The invention is illustrated in detail below, with reference to the exemplary embodiment depicted in the drawings, wherein:
FIG. 1 shows diagrammatically apparatus comprising the therapeutic system according to the invention;
FIG. 2 shows the time-course of the unspecific breathing-initiation or sensory stimulation and of the specific breathing stimulation; and
FIG. 3 shows the time-related display of measured physiological variables, in particular of respiratory activity, in a neonate suffering from breathing difficulties.
As shown in FIG. 1, the apparatus according to the invention monitors and measures, via sensors 1, e.g., polarographic electrodes, which are attached to the skin of the patient 5, physiological variables associated with breathing or respiration and/or the oxygen supply to the body tissue. Monitoring is carried out, by appropriate measuring instruments 2, for example of the breathing rate, the depth of breathing, the heart rate, the pulse rate or the content of oxygen or carbon dioxide in the blood. The production of perspiration or the cerebral pressure may also be important variables to be measured.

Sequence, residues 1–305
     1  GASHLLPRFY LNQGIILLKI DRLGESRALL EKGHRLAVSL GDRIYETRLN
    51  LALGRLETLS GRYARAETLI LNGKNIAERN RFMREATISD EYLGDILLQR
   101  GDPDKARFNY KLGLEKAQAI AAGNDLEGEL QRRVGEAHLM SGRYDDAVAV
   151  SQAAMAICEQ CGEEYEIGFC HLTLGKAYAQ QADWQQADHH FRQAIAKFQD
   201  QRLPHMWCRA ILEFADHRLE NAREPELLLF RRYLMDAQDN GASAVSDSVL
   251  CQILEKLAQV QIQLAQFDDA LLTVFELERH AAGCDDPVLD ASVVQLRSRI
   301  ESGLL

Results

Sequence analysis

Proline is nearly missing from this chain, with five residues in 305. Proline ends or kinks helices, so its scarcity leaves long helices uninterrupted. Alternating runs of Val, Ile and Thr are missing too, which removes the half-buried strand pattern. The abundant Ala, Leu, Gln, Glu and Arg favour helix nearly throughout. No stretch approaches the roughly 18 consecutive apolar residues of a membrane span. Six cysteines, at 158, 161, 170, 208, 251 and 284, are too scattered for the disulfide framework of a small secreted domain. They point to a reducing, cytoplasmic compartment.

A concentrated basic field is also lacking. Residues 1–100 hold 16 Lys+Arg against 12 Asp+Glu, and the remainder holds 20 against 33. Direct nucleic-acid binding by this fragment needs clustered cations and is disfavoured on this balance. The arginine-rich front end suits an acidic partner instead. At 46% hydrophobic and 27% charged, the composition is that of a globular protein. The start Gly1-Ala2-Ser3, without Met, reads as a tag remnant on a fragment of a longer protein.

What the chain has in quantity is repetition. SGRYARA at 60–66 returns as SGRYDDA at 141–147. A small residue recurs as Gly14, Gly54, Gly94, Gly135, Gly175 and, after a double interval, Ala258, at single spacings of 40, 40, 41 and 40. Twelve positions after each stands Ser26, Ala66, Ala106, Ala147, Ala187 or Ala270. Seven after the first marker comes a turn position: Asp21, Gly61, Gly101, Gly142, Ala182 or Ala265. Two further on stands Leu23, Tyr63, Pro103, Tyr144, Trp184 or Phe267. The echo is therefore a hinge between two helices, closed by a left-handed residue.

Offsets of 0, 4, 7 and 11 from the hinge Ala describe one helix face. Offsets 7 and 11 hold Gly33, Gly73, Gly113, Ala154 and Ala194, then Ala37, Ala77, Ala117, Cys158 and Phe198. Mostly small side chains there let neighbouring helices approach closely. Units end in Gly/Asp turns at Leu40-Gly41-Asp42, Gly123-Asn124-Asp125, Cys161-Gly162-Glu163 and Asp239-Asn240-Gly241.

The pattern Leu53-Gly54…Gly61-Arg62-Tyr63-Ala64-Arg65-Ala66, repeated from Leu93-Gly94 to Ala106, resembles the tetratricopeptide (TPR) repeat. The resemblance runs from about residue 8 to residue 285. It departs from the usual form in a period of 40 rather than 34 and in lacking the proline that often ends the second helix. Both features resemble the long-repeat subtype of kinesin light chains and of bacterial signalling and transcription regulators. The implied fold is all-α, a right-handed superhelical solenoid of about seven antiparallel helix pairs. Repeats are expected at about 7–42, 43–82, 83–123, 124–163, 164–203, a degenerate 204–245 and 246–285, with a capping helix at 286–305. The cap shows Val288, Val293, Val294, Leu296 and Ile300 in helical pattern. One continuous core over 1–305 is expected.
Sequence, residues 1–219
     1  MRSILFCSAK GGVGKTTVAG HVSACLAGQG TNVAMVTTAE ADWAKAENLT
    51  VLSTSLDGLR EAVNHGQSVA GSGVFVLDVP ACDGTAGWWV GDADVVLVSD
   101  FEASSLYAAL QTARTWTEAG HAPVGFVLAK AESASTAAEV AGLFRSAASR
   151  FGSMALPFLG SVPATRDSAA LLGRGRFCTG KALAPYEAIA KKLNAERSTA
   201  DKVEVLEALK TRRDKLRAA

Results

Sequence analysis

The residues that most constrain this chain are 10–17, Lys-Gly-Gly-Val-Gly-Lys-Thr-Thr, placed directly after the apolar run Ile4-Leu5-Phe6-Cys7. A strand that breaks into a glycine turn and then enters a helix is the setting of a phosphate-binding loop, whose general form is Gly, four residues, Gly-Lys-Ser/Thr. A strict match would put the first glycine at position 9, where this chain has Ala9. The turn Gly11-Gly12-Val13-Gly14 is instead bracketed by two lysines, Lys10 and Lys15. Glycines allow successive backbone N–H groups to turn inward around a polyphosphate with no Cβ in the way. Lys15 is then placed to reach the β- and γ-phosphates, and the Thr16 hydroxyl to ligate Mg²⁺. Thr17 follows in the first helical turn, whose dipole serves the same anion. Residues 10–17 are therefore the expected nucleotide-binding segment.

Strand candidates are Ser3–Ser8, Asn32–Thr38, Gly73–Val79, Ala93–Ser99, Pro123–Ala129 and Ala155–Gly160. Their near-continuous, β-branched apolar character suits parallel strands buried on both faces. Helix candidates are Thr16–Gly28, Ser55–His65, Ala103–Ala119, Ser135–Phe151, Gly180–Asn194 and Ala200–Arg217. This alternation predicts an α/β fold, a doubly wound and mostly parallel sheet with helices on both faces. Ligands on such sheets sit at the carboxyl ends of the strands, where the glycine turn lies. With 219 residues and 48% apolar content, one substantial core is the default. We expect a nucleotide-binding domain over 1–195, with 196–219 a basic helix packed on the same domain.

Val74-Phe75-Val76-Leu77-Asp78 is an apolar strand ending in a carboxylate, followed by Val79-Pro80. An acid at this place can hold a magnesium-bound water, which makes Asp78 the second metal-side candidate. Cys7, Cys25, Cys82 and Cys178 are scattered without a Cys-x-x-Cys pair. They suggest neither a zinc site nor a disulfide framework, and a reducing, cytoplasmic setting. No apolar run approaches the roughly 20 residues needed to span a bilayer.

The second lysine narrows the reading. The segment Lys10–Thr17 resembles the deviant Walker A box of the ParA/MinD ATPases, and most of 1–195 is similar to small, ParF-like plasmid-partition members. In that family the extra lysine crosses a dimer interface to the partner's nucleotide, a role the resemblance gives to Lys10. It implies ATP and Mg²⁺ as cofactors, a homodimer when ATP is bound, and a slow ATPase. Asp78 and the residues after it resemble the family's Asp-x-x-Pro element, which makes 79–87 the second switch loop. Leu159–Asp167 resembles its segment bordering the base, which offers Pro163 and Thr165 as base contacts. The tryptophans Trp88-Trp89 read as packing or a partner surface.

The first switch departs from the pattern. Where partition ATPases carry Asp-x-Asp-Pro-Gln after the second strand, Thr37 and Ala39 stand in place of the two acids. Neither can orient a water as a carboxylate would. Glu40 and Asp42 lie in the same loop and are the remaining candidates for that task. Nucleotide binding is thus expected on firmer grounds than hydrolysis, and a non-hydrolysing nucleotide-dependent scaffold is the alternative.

The apparatus, 2, may be any instrument or combination of conventional commercially available instruments typically used to measure and monitor physiological variables in the human body. Some examples of such apparatus include a heart rate monitor (e.g., Hellige Servomed® No. 23605302); a blood oxygen tension monitor (e.g., Hellige Servomed® No. 23606501); a respiration monitor (e.g., Hellige Servomed® No. 23606102); a blood carbon dioxide monitor (e.g., Hellige Servomed® No. 23606601); a temperature monitor (e.g., Hellige Servomed® No. 23605902); a blood oxygen saturation monitor (e.g., Ohmeda Biox 3700); and the like.
The measuring apparatus 2 is provided with adjustable alarm devices so that an internal alarm is triggered if the measurement is above the upper adjustable physiological limit or below the lower adjustable physiological limit.
The alarms determined by the measuring apparatus 2 are "preliminary alarms" and result in therapy-initiating measures only in particular special cases. The combination of measuring apparatus 2 most suitable for a particular patient will be established by a meticulous preliminary examination of the patient.